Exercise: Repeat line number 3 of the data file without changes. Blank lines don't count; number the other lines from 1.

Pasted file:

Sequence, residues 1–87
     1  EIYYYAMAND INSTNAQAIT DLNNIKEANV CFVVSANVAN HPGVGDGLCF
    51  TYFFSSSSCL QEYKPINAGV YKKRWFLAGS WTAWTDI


    51  TYFFSSSSCL QEYKPINAGV YKKRWFLAGS WTAWTDI